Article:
Agencies highlight projects before summit
August 14, 2013
A strong electric current went through the water Monday at the Tahoe Keys.
Fish, feeling the shock, wiggled from their hiding places among the reeds and murk of the bottom. University of Nevada researcher Christine Ryan netted the fish from the bow of the electroshocker boat and dropped them in a tank.
"What we're trying to do is find out if there's a way we can control the population and make recommendations for how to manage invasive species," Ryan said.
In anticipation of the upcoming Lake Tahoe Summit, research agencies are showing off their projects within the basin. Researchers from the University of Nevada Reno and the Desert Research Institute invited media personnel for a ride on their electroshocking boat Monday to highlight their work studying invasive species.
"The Summit makes people more aware of the research that's going on at the lake," Desert Research Institute spokesman Justin Broglio said.
The Lake Tahoe Summit will take place Monday, Aug. 19 at Sand Harbor State Park. Former Vice President Al Gore is scheduled to make the keynote speech. The event is heralded as a chance for Lake Tahoe scientists to get their work in front of policymakers.
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"The Summit is when everybody comes to Lake Tahoe to talk about the science," University of Nevada spokesman Mike Wolterbeek said.
On the electroshocker boat Monday, Ryan pulled dozens of invasive species like smallmouth bass, blue gill and catfish and native species like tui chub and redside shiner out of the murky Tahoe Keys water. The native species will be returned to the water while the non-native species will be killed.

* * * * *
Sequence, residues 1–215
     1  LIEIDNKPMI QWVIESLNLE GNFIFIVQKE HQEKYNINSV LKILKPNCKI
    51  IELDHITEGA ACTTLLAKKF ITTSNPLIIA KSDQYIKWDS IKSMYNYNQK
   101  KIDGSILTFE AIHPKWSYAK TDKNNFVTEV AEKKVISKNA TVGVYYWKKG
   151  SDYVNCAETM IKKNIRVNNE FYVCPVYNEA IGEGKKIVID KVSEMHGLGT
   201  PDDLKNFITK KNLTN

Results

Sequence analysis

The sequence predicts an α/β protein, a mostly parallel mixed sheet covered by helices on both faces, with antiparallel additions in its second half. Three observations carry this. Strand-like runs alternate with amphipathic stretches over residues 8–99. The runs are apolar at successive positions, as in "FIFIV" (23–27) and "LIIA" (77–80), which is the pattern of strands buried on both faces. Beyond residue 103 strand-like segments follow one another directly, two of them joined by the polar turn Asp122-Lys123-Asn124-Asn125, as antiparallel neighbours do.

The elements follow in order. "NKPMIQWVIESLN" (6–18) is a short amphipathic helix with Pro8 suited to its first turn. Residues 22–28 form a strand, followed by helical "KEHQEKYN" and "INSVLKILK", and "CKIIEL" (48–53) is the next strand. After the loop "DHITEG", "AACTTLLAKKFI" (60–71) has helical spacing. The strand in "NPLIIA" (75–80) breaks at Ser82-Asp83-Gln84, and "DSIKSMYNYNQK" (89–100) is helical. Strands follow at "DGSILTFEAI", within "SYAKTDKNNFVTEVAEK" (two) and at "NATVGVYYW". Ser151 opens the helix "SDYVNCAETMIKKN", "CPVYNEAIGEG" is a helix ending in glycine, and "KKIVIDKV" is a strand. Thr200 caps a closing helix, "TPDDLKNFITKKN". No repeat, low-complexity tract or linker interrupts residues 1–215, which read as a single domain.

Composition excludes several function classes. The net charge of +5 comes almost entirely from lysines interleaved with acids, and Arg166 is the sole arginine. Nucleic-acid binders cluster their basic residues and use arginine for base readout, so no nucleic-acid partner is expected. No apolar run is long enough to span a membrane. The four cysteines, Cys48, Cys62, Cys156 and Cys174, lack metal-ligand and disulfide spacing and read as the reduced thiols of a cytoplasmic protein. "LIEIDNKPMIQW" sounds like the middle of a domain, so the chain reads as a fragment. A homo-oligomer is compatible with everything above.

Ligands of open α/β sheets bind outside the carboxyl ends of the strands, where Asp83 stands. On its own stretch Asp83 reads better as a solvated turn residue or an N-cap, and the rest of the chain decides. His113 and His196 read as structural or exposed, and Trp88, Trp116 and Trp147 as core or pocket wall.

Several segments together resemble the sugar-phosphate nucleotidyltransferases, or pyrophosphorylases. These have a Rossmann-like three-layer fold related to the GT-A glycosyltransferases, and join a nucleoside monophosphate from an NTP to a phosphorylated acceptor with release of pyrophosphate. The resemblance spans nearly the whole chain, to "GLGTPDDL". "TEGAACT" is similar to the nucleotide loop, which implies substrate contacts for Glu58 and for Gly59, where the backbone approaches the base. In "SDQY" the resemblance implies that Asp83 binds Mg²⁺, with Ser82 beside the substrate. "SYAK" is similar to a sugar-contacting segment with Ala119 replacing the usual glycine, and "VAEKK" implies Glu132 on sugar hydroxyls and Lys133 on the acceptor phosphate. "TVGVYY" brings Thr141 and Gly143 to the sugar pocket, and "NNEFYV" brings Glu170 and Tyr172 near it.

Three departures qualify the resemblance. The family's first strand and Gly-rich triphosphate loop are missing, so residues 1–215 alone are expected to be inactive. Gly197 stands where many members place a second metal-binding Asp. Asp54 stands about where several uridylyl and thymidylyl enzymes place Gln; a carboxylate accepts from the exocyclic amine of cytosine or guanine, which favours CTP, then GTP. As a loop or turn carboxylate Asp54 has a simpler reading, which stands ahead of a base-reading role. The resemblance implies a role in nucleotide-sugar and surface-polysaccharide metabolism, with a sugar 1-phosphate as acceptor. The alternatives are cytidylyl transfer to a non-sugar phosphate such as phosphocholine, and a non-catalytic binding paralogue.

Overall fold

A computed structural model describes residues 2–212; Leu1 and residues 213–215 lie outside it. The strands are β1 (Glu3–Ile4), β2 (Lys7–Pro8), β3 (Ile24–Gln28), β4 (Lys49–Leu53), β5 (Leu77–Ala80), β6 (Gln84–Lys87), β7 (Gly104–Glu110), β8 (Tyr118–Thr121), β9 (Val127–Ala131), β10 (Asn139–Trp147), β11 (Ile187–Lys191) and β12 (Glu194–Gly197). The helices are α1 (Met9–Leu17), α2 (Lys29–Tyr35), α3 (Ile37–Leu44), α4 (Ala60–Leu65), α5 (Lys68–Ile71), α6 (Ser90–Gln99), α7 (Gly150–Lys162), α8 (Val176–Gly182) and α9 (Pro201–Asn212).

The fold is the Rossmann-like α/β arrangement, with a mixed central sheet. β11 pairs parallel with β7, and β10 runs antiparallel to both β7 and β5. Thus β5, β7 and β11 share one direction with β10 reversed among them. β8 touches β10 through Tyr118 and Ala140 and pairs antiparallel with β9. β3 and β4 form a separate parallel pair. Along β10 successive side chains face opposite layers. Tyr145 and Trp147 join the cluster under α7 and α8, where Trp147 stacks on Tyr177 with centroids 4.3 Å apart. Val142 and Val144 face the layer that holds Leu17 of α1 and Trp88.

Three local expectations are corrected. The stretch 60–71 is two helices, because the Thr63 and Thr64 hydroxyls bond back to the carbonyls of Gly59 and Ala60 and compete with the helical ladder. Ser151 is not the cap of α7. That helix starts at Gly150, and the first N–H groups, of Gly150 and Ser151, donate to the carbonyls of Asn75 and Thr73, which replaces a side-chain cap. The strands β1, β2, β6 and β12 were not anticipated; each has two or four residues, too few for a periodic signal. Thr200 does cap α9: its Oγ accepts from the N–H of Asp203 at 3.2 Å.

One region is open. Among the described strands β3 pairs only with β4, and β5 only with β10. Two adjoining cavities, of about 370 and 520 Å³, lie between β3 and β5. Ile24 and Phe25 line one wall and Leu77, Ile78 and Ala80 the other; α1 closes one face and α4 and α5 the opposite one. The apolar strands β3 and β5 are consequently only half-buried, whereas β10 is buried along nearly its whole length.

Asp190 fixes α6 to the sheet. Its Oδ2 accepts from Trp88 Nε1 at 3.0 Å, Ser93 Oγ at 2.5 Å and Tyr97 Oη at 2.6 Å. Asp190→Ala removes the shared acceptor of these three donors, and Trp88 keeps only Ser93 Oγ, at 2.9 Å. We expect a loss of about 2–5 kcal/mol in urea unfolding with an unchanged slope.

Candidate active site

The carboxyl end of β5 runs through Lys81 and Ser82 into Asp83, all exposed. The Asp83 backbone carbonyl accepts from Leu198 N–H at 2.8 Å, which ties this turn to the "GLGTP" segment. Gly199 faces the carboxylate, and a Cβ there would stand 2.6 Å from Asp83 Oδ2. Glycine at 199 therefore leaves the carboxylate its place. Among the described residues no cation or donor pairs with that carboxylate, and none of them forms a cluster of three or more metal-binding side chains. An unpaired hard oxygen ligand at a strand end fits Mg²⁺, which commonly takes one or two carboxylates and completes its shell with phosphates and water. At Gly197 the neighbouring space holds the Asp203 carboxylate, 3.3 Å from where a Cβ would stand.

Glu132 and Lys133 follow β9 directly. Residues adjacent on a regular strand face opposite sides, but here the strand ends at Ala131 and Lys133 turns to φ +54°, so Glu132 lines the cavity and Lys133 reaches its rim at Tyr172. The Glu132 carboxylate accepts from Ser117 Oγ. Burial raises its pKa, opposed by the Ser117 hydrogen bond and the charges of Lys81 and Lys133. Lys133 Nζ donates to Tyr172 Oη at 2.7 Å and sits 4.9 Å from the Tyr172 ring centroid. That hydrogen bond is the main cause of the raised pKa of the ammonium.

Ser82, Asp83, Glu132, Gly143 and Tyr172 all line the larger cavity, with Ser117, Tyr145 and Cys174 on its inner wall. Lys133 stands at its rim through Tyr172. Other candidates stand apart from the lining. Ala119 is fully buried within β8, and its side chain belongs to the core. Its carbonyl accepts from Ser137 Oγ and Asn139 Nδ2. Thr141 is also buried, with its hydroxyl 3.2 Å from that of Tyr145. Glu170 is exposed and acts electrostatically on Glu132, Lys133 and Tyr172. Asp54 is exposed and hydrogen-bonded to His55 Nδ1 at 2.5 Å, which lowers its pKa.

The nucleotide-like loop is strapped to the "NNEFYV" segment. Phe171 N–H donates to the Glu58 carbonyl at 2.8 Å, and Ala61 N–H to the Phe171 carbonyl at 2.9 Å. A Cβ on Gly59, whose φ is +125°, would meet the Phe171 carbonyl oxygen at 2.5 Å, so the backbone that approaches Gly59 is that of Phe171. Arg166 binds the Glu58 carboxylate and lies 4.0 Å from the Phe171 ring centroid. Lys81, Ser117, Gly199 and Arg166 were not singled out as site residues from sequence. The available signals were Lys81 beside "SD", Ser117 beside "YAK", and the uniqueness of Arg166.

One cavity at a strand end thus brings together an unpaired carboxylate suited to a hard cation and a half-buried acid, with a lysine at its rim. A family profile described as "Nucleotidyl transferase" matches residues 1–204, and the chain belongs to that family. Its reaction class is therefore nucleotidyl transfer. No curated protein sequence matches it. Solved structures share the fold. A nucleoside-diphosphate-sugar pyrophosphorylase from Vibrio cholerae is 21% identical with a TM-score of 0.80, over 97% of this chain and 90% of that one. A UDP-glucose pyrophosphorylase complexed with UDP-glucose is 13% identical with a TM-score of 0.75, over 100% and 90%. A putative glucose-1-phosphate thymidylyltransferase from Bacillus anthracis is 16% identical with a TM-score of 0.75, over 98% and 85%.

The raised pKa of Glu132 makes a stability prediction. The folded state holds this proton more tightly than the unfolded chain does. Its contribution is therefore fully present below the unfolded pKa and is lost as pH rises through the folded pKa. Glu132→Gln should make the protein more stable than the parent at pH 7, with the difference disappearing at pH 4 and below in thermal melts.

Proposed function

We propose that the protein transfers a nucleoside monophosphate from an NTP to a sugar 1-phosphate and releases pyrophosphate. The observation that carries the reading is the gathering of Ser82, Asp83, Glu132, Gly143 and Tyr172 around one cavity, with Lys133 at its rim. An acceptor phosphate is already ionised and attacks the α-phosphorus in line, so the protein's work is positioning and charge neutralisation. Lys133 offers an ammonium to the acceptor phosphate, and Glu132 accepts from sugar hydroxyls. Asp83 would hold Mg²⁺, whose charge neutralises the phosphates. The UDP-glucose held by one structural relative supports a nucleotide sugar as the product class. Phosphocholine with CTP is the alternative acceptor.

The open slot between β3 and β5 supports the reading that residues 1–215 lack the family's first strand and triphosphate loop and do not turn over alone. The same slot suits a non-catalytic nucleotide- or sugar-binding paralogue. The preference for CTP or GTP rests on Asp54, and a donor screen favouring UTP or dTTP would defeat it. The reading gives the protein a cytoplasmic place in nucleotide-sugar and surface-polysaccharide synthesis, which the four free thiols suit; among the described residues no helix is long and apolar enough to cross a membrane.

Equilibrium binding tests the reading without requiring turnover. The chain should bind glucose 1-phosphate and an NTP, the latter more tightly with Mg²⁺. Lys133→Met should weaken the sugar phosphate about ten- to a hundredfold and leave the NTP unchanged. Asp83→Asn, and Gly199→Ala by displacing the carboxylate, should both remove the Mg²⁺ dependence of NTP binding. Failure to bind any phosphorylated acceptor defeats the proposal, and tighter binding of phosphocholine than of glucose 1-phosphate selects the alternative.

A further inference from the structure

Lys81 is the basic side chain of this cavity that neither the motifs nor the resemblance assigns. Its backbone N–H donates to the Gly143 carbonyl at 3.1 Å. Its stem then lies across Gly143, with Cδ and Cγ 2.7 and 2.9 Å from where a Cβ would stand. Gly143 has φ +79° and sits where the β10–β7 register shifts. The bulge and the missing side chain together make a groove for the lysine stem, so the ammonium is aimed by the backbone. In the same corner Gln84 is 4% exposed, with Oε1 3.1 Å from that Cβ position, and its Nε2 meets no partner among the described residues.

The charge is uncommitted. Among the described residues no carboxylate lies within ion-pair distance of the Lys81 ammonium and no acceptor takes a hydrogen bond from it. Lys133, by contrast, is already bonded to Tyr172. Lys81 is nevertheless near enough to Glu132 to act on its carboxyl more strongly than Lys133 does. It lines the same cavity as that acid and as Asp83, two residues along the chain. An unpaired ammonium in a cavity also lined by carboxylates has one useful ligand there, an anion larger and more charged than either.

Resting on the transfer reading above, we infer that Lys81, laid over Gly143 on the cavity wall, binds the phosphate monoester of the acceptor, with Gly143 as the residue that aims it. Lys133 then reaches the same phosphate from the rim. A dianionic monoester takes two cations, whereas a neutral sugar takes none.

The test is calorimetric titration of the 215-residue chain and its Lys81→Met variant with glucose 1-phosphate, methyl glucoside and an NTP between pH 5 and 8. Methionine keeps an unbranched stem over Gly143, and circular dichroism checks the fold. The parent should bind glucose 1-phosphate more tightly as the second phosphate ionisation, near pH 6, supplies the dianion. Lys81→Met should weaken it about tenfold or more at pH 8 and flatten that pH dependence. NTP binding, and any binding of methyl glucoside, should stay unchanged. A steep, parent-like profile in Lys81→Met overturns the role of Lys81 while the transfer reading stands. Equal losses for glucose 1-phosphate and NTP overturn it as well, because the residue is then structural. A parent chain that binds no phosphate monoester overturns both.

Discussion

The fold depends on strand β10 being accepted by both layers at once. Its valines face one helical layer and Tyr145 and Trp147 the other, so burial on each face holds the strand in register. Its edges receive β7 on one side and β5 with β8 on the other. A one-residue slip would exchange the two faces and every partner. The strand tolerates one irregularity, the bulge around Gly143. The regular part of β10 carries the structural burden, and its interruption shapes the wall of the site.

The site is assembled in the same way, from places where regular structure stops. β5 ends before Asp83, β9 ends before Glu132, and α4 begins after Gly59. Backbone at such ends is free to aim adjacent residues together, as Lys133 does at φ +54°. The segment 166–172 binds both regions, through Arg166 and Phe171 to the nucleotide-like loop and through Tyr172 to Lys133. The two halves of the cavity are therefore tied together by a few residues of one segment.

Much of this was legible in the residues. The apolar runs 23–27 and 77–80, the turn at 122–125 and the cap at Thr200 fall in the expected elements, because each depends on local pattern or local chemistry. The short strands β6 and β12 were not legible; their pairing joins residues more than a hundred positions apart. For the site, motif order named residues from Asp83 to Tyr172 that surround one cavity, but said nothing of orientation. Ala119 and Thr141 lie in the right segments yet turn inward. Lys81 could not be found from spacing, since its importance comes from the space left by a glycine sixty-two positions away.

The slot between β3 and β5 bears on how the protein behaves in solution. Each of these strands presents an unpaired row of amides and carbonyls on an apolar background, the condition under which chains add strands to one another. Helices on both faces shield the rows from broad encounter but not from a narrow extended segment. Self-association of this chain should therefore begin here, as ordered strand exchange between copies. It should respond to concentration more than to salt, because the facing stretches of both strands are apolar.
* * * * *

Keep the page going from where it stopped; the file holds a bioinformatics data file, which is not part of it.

Using the electroshocking method, staff has removed more than 30,000 invasive species from the lake since the program started three years ago. It's just one piece of a larger project to study the invasive species of Lake Tahoe, Ryan said. UNR and DRI are also studying the lake's invertebrate populations.
UNR researcher Annie Caires demonstrated a sampling technique, pulling several Asian clams from the bottom of the lake. The problem with the research they're doing now is that they only have snapshots of data from the past to compare their results to, Caires said.
"What we hope for in the future is longer-term data so we know how the lake is changing," Caires said. "What we would really like to see is a continuation of this data series."
This is important because the same data that researchers at UNR and DRI are collecting informs those that make the policies that impact Lake Tahoe, Wolterbeek said.